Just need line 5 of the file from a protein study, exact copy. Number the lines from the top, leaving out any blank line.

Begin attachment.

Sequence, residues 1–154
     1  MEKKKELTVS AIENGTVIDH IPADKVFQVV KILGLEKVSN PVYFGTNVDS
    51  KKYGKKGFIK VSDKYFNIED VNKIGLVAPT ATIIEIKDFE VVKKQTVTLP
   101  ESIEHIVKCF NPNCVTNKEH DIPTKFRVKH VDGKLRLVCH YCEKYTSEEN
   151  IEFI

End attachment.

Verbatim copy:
   151  IEFI